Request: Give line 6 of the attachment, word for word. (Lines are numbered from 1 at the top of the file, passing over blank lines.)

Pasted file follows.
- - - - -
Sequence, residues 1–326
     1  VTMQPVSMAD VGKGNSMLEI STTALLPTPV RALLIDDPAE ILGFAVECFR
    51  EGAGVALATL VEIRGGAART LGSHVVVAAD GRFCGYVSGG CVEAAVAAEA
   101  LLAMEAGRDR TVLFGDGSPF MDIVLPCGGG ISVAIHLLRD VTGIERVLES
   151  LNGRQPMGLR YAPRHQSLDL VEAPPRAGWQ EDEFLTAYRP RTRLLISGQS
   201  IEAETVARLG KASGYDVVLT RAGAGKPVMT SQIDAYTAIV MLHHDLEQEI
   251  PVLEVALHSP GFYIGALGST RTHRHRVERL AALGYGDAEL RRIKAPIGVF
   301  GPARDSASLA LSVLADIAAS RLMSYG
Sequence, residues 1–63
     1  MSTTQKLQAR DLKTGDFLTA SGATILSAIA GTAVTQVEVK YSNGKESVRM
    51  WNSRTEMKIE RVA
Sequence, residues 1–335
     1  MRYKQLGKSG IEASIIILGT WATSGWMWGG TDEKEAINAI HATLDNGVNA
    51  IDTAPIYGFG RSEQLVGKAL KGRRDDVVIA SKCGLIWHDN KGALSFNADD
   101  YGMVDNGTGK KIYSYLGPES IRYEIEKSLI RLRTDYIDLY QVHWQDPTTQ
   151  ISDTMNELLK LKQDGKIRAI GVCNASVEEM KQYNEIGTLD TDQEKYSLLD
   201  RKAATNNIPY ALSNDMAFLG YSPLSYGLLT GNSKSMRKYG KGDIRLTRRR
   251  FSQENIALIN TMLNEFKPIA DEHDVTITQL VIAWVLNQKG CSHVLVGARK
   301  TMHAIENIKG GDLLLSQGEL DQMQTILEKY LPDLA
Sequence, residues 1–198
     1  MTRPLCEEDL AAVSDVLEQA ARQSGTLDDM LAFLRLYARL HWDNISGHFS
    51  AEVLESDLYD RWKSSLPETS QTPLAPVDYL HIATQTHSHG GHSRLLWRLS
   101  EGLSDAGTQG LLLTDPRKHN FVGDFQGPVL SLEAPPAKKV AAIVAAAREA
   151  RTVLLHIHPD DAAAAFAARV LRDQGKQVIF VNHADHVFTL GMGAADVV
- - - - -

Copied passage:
   201  IEAETVARLG KASGYDVVLT RAGAGKPVMT SQIDAYTAIV MLHHDLEQEI